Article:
Interview conducted December 07 2013
Interview published January 04 2014
In September, the legendary Carcass
returned with a new album, 17 years after their last one. A fabulous one
it was too, earning rave reviews. With masses of metal fans longing to
see them live again, the band hailing from Liverpool gained a spot as
special guests of Amon Amarth's European tour, also with countrymen Hell
When the party stopped in Stockholm,
Metal Covenant was there and got the honour of talking to singer and bassist
Jeff Walker, a nice fella, about mainly Carcass'
present, plus some past and future.
Mozzy: How is the current tour with Amon
Amarth and Hell going?
Jeff: Good, I guess. It's been enjoyable and
fun. That's all that matters. I think Amon Amarth's crowd is a tough
crowd to try and win over, though
Well they are the main band for people to see, of course.
Jeff: Yeah. And that's why we're here; to try
and steal some of their fans. We cannot just carry on playing for the
same audience. The reality is we can either play for 300 people ourselves
or play for 3000 people a night with them, so that's more interesting.
Mozzy: That sounds very sensible. So have
you gotten a good response?
Jeff: Yeah! It's nothing compared to how they
go down though (smiles). It seems to work out well and are there obviously
some hardcore Carcass fans that are coming and give us a good reaction.
But I think we're winning a few Amon Amarth fans, you know. We've sold
a few t-shirts and CD:s to people who are not necessarily Carcass fans.
I'm happy with it all, it's more of a challenge, you know.
Mozzy: Have you noticed there are some younger
fans who appreciate you as well? I mean, you have influenced younger bands
Jeff: Yeah, I actually thought we would bring
out old people from the woodwork with our new album, but surprisingly
there are a lot of young people. I think you find that a lot of people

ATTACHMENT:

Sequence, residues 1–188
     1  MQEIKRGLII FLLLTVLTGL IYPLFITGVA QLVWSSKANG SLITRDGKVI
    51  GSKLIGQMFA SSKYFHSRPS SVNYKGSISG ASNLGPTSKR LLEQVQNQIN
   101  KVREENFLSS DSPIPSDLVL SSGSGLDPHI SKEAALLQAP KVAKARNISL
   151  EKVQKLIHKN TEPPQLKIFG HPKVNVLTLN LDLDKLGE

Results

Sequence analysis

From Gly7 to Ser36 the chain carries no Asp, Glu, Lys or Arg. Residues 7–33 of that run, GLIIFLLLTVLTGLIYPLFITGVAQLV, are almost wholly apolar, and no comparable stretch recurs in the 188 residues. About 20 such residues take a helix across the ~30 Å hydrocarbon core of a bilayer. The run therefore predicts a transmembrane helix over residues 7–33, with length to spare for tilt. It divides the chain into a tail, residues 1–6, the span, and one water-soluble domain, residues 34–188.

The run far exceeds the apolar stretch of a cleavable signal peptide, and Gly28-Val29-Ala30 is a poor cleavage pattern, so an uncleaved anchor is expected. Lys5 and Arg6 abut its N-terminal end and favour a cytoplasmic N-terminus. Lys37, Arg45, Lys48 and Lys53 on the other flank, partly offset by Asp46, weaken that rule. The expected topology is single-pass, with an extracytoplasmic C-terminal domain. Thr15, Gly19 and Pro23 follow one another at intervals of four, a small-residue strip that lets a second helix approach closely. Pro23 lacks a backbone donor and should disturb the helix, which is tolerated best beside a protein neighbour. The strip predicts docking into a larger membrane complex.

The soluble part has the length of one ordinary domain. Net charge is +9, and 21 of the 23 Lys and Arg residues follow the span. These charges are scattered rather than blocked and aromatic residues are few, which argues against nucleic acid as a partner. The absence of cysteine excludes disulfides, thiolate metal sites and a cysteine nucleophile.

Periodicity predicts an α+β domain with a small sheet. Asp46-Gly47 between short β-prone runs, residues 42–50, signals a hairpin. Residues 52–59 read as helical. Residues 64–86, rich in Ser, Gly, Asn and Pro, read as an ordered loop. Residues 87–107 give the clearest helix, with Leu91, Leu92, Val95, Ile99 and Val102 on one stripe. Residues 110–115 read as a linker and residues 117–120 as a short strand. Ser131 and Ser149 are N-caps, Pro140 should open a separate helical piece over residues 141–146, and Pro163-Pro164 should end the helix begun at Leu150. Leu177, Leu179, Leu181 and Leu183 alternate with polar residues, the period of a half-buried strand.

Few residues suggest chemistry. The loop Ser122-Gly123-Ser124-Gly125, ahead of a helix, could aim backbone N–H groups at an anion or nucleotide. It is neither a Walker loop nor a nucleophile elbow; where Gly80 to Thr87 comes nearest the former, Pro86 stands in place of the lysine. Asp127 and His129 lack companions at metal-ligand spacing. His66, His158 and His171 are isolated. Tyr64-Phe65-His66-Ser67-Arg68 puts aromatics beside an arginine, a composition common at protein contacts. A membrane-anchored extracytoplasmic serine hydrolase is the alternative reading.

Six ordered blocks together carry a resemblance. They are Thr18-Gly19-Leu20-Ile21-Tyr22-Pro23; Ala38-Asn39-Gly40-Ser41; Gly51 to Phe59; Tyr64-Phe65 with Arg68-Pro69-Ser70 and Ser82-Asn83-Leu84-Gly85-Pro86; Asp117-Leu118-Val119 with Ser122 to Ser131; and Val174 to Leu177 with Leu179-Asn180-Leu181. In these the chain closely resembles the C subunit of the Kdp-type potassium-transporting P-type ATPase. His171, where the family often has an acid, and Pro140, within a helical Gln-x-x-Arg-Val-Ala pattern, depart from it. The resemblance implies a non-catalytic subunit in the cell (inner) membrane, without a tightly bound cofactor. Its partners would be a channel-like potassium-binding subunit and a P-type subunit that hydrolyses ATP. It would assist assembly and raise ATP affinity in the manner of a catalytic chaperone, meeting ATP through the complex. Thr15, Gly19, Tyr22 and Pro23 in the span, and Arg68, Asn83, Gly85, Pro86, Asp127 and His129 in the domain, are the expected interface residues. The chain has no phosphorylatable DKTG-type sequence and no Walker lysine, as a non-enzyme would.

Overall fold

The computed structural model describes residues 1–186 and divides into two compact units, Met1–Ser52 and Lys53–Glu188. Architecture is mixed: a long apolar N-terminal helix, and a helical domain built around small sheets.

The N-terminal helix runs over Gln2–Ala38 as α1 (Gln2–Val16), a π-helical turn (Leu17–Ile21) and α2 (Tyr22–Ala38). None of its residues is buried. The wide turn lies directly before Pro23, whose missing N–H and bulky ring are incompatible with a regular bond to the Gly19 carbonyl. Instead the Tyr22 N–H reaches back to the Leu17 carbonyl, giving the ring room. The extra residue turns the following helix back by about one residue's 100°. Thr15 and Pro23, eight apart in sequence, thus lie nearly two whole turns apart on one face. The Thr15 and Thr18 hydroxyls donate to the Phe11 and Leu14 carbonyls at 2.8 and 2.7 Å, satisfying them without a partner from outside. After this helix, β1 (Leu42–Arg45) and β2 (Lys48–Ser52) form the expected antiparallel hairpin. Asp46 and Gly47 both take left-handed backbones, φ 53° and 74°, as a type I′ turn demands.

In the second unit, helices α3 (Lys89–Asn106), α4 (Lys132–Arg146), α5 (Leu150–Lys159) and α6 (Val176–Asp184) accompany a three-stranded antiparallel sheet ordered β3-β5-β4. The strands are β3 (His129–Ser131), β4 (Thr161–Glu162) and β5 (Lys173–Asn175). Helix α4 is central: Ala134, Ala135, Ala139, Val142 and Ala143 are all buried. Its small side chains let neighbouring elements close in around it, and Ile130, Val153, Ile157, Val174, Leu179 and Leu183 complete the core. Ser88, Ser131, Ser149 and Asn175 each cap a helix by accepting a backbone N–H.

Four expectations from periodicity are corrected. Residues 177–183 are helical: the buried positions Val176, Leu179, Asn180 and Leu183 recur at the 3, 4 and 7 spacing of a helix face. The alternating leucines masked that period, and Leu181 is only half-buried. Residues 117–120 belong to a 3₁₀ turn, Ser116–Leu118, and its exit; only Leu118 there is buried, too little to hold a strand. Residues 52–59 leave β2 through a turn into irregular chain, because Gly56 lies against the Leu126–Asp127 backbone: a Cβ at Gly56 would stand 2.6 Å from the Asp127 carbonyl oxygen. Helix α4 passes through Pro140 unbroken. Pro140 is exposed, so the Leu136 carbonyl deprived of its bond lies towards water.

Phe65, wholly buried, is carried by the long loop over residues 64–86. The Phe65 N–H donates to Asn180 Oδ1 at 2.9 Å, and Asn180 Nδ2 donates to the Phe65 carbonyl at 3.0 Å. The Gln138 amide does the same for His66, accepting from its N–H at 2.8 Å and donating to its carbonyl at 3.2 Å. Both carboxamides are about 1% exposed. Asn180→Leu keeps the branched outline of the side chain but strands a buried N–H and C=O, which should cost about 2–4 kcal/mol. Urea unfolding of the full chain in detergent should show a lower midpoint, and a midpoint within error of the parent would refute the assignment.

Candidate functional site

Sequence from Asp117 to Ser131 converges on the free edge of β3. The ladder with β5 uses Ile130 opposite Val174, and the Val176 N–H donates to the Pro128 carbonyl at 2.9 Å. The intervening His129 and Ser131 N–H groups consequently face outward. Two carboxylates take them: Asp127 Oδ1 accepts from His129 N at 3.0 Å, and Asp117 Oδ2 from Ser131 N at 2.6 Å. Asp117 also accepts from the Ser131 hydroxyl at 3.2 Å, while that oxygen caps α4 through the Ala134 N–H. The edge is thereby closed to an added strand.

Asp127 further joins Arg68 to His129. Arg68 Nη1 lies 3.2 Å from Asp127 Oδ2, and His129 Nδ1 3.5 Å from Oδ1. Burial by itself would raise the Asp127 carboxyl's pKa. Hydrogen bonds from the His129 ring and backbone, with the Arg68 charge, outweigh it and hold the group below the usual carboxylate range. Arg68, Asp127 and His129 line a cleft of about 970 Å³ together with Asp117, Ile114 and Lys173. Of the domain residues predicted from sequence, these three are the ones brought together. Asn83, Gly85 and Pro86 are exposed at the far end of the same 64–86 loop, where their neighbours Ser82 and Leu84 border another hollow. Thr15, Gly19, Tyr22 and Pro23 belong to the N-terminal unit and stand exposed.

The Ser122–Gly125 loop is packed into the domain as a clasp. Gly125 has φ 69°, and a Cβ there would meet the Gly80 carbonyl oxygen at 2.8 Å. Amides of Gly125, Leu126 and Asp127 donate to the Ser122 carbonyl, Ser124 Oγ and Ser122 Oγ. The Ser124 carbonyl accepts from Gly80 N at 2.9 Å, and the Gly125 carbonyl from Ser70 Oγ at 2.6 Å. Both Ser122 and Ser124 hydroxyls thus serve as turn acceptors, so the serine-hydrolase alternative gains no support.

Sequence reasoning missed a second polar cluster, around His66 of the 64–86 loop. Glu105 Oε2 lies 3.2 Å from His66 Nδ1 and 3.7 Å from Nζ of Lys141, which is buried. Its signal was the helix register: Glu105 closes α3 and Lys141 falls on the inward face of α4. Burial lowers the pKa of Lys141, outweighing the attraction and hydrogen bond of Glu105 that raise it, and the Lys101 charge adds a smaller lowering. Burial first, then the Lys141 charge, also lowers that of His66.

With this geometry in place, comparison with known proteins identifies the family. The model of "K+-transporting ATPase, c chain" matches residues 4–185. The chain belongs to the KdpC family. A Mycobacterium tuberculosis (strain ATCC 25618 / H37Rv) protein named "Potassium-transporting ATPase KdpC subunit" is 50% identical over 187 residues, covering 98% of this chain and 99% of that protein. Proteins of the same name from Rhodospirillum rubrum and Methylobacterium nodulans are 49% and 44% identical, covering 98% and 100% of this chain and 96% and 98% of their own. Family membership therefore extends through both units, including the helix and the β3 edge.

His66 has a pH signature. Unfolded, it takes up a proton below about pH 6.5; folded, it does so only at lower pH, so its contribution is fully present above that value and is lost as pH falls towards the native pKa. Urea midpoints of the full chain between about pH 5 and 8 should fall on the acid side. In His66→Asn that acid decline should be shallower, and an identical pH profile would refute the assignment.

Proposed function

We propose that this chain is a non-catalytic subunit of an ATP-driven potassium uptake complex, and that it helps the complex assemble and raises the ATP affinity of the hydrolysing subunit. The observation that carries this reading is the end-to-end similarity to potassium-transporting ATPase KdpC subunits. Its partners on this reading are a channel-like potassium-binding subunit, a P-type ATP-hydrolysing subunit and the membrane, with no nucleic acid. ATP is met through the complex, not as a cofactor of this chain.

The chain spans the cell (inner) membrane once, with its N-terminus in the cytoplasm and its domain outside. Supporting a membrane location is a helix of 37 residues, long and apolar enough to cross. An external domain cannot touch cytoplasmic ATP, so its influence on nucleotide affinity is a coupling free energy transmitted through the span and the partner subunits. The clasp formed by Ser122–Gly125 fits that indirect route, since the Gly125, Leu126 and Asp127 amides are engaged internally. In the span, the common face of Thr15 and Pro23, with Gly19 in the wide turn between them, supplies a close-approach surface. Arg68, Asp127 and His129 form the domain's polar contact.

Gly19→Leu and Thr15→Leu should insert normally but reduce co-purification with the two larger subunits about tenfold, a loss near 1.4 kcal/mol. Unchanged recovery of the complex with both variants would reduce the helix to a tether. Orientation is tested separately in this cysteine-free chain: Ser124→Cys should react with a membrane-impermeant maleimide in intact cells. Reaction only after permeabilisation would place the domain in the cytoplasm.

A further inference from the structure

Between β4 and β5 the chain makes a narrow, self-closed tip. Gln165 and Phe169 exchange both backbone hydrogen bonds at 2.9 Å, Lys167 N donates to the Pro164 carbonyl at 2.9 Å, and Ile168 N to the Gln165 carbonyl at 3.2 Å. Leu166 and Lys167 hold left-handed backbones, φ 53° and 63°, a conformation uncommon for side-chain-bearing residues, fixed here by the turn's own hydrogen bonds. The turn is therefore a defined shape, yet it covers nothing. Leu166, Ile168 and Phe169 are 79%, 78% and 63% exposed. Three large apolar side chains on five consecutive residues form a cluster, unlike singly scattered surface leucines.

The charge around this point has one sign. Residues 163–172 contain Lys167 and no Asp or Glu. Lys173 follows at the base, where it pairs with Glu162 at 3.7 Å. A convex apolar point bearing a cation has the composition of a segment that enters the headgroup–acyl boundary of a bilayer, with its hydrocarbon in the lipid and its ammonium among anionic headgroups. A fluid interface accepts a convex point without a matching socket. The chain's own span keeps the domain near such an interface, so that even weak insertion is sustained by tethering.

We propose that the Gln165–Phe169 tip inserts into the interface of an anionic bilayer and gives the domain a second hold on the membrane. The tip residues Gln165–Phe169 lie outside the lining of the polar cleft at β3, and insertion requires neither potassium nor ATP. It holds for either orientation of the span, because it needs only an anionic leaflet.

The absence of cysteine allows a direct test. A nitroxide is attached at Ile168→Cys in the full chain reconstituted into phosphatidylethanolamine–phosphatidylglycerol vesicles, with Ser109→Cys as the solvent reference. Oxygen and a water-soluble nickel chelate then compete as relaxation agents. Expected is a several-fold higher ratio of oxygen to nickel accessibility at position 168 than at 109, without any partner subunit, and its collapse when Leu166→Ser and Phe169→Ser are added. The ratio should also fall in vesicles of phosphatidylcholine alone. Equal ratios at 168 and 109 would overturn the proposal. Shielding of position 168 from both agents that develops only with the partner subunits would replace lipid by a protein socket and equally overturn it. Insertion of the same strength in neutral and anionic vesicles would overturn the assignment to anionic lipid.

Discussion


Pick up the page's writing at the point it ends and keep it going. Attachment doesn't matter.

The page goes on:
have grown up, gotten jobs and grown out of metal.
Mozzy: You should not do that.
Jeff: Well, some people have, you know. They
sold out. They have jobs and children and the important things in their
life have changed. But it's good to see there is an influx of young
people. And it's funny, we take it for granted that people should know
who the fuck we are because of what we contributed to extreme metal,
but we're having to start from scratch to a certain extent. Especially
to some Amon Amarth fans, they don't give a fuck who Carcass is. They
don't care what we've contributed, so it's starting from scratch, but
it's fine to do that.
You were away for quite some time, too.
Jeff: Yeah. Obviously, 17 years is a long time.
I mean, I've got a t-shirt that is older than some of the people in
the audience (laughs).
Mozzy: It's great to see so many kids who
Jeff: Yeah! My only complaint would be that the
younger generation do not do their homework. They may like one band
but they don't really look at the history, to see where it all comes
from, you know. That's the way I see it. I don't know how old you are,
but when I was younger I knew who Led Zeppelin were, and Black Sabbath,
and so on. I was not necessarily listening to them, but I knew their
Mozzy: I understand perfectly, it was the
same for me. Now, you have a new line-up this time around; how is it like
with Daniel (Wilding, drums) and Ben (Ash, guitar)?
Jeff: Really good, I think. It's a lot stronger
than when we did the reunion five years ago. The line-up is more animated;
I think it's more of a live band now, and a lot more movement onstage.
And it's good to see younger people in the band; we've offset the average
age of the band with 20 years, you know (laughs).
Mozzy: How was the recruitment, how did
it all happen?
Jeff: We met Daniel Wilding when we toured America.
He was playing in Aborted and we noticed him. So we asked him to audition,
when me and Bill discussed making a new album. And with Ben, it's a